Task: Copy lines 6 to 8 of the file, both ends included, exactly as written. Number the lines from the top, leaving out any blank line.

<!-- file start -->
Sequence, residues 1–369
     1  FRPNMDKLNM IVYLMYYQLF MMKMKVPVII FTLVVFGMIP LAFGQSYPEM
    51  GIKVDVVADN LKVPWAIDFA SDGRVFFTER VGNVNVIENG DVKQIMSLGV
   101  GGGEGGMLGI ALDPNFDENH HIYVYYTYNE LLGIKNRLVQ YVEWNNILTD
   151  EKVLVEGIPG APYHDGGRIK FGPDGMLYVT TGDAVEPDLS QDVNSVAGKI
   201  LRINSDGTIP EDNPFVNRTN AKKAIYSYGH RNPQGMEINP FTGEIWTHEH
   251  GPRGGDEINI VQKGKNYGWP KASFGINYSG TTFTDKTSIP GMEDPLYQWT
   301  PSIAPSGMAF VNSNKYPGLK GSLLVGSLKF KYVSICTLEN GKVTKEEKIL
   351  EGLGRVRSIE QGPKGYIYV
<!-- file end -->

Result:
   201  LRINSDGTIP EDNPFVNRTN AKKAIYSYGH RNPQGMEINP FTGEIWTHEH
   251  GPRGGDEINI VQKGKNYGWP KASFGINYSG TTFTDKTSIP GMEDPLYQWT
   301  PSIAPSGMAF VNSNKYPGLK GSLLVGSLKF KYVSICTLEN GKVTKEEKIL